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Same-sex domestic violence: It’s not as rare as you might think

When people think about domestic violence, they generally have the stereotypical image of a large, aggressive man bullying, threatening and outright abusing a much-smaller woman. But this stereotype doesn’t really hold true when they’re examined carefully — and it doesn’t begin to apply to same-sex relationships.

Studies indicate that people in same-sex relationships suffer intimate partner violence as often or more often than those in heterosexual couples. Yet, there’s very little acknowledgment that domestic violence can be a factor in these relationships. Partially, that’s because the research into those relationships is still limited — in 2015, for example, studies on same-sex domestic violence represented just 3% of the total research on the subject.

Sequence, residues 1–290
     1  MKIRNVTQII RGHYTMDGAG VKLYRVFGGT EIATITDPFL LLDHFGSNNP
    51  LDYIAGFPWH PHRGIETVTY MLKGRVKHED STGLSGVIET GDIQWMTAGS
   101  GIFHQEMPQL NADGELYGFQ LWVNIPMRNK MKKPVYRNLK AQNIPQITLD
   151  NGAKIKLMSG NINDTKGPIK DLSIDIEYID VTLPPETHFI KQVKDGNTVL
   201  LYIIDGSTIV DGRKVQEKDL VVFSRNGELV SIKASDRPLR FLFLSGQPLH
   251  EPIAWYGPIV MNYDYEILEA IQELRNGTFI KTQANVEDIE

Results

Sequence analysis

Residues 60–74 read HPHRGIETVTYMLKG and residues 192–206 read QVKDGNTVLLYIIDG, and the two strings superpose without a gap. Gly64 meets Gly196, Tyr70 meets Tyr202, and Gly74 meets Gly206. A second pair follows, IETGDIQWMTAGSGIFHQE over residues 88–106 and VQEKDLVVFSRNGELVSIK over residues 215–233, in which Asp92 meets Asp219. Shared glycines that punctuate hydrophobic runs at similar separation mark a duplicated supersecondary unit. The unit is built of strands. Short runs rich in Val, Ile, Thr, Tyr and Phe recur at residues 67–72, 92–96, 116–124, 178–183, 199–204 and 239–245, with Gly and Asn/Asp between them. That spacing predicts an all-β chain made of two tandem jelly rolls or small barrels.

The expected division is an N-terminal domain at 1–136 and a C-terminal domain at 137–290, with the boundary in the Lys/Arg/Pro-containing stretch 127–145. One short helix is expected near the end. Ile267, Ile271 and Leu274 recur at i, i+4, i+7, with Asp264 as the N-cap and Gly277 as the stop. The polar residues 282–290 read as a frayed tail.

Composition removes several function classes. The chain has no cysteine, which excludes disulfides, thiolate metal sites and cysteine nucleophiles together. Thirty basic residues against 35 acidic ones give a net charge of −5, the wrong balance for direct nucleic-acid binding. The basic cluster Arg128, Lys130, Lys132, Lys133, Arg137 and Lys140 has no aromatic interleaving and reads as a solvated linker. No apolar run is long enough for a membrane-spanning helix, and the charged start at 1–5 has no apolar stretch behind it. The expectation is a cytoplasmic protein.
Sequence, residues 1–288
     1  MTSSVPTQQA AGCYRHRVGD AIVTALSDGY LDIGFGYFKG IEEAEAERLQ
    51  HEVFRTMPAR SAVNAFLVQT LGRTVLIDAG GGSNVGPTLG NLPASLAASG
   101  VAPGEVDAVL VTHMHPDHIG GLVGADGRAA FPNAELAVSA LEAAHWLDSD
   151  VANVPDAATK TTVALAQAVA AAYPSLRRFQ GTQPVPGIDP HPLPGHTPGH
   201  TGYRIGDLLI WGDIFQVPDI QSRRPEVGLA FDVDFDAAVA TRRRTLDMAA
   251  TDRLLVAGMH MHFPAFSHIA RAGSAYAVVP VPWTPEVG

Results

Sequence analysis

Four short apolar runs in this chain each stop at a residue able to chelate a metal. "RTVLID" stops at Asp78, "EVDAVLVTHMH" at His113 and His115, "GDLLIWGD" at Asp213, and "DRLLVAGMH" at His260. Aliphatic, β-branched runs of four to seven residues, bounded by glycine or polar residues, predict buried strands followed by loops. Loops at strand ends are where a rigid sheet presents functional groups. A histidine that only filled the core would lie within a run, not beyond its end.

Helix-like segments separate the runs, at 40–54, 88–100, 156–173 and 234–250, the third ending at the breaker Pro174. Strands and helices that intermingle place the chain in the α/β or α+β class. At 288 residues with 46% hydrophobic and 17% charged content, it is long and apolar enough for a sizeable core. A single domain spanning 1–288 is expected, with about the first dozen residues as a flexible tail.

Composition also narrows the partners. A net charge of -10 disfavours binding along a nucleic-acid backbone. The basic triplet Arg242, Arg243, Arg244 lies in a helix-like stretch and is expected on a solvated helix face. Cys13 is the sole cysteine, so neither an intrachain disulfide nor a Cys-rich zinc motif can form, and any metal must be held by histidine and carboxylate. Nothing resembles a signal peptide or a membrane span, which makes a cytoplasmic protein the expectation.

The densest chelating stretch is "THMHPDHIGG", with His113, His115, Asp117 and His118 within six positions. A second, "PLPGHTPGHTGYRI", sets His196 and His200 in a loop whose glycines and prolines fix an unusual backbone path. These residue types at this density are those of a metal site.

It’s also partially related to the fact that same-sex domestic violence is far less likely to be reported through official channels than heterosexual violence. A 2012 study indicates that less than 5% of LGBTQA domestic violence victims sought legal assistance through orders of protection. Exactly why victims of same-sex domestic violence are less likely to seek assistance isn’t clear, but it may be connected to long-standing distrust in the community toward the court systems. The years of open discrimination against members of the LGBTQA community has left many touch-sensitive and disinclined to engage with authorities for fear of more mistreatment.

If you’re in a same-sex relationship where your intimate partner is abusive, that can leave you feeling very much alone — but you’re not. The problem is definitely more widespread than most people realize.

Removing yourself from a relationship with a violent intimate partner is essential to your well-being. An experienced attorney can help you dissolve your legal ties and protect your interests.